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Nigeria’s ‘419’ email scams uncovered: The truth behind the Yahoo Boys

We have all come across them. Well, those of us who have ever had an email address have come across them.

They have filled our inboxes for two decades, promising us lottery wins, no-lose business deals and unrequited love.

They are ‘419 scams’, named after the Nigerian Criminal Code number for the fraud – the country where it originated.

We have been asked to claim a large cash prize by sending off money to cover a registration fee or bail out someone trapped in a foreign country. Most of us delete them.

But a tiny number are duped and part with cash to their financial and emotional cost. And, for that reason, the emails continue to come.

Advance fee fraud has been going on for hundreds of years. It originates in the Spanish Prisoner scam of the 16th century, where the victim paid money to secure the release of a wealthy nobleman from jail with the promise of substantial rewards.

The modern 419 scam began in the 1980s, when Nigeria’s economy waned. It was carried out by graduates who couldn’t get a job and was used in letter or fax form to trick western businessmen into putting money into non-existent oil deals.

Once the power of the internet kicked in, the scam went electronic. And that’s when the Yahoo Boys came in.

They made their name by bombarding Yahoo! email accounts. Now a university study, believed to be the first of its kind, has interviewed 40 of them.

‘They are very brave and resilient,’ said Dr Joshua Oyeniyi Aransiola, a sociology lecturer who carried out the study via Obafemi Awolowo University in the Nigerian city of Ile-Ife.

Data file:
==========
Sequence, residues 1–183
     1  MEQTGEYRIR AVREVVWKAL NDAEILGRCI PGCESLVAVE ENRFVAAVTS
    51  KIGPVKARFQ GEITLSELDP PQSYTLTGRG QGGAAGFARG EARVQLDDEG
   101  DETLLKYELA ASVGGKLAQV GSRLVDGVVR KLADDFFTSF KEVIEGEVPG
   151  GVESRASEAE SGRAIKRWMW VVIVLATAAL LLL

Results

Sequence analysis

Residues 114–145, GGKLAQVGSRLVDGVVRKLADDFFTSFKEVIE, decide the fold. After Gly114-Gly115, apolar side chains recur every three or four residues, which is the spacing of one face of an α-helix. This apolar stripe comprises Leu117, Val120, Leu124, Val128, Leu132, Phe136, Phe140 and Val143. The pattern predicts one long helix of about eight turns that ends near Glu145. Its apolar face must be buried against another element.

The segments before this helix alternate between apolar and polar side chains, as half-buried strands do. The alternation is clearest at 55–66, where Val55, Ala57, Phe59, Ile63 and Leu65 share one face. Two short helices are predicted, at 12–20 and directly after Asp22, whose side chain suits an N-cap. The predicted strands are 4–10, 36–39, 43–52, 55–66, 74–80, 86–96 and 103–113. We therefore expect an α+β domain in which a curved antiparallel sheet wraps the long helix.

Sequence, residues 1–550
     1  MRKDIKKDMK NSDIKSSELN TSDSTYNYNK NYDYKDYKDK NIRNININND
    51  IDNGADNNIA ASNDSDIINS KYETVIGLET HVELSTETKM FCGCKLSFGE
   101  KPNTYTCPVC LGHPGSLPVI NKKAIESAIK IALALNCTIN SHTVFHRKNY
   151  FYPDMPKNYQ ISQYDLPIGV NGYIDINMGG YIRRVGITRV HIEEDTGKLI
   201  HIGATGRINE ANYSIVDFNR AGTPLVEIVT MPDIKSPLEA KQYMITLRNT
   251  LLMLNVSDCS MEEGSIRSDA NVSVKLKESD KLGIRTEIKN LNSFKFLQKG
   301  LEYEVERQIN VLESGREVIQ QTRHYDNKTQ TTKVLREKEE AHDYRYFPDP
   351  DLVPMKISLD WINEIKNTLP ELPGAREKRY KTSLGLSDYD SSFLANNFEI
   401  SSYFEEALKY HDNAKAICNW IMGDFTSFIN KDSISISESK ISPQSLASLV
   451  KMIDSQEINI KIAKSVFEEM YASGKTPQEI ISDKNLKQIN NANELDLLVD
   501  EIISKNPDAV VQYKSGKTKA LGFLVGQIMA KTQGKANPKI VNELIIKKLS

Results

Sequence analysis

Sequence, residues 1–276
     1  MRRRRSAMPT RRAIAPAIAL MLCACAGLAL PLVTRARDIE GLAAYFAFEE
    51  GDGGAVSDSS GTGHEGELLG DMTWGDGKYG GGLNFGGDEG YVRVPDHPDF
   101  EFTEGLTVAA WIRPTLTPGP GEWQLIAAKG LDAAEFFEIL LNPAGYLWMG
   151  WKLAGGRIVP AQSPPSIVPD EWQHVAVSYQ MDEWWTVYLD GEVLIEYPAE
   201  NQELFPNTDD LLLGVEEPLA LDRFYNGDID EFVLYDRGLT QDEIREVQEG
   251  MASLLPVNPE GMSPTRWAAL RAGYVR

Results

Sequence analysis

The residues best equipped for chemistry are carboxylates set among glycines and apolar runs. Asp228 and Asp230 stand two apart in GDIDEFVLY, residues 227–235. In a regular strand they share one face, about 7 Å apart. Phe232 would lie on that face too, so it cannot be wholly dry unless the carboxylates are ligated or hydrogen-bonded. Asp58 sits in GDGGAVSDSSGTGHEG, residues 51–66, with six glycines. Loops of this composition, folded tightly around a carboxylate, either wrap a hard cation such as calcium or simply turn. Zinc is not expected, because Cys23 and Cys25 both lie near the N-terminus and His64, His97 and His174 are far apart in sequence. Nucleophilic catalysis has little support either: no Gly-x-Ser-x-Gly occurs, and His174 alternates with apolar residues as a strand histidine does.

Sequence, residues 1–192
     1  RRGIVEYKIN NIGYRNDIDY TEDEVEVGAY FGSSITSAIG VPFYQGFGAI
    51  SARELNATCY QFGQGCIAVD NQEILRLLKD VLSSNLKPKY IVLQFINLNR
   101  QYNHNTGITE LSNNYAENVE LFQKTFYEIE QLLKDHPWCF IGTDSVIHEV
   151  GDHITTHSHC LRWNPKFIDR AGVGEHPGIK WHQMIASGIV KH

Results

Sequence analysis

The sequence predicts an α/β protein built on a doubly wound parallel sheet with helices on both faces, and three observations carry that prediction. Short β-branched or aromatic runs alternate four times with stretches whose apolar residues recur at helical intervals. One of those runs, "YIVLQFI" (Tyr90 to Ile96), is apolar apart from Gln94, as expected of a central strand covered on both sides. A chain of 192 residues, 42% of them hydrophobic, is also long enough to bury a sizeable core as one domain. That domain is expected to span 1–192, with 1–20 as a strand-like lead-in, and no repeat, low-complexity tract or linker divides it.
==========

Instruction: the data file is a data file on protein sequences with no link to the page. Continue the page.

‘Most of the Yahoo Boys are aged 22 to 29 and are concentrated around cities with higher institutions of learning.’ They also spend many hours gleaning information about potential target groups.

Dr Aransiola and his researchers spent six months gaining their trust and they agreed to be interviewed without revealing their identities.

They ‘usually brag, do things loudly, drive flashy cars and change cars frequently’, the report found.

It adds: ‘They wear the latest clothes and jewellery. They spend lavishly, love material things and go to clubs.

‘They are prominent at parties, picking up prostitutes at night. They speak coded languages and use coded words such as ‘‘Mugun’’ and ‘‘Maga’’, which means ‘the fool’ (ie their victim).

Some of the scams include making business proposals, online dating, bombing of mails and so on.’ Dr Aransiola said: ‘When they target individuals, they take their time to get as much detailed information about the person as possible.’

Hundreds of thousands of people are contacted, paying as little as £20, £30 or £60. But if enough fall into the trap it makes it worthwhile.

More than half of those interviewed had been engaged in cybercrime for five to seven years, and 95 per cent are undergraduate students.

They are products of their times. Unemployment is 24 per cent in Nigeria but among young people the figure is even higher.

They often go to extreme levels to achieve success.

If a Yahoo Boy is pretending to be a woman to lure a target into giving him more money, he might use his girlfriend to speak to the victim on the phone.

Many scammers use voodoo to give them good luck. The will make incisions on their bodies, sleep in cemeteries and cite incantations.

One 25-year-old Yahoo Boy told the university: ‘I have used it but I have stopped because of the fear of repercussion. With the aid of voodoo the money comes faster.’

Widespread corruption among the police, security forces, bank officials, postal agents and couriers helps to ensure their plans run smoothly.

Read more: http://www.metro.co.uk/news/newsfocus/891926-nigerias-419-email-scams-uncovered-the-truth-behind-the-yahoo-boys#ixzz1oL59GOWA

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March 7, 2012 - Posted by | Uncategorized

1 Comment »

  1. i was scammed for months so i play them at there own game now

    Comment by angela brown | March 7, 2012 | Reply


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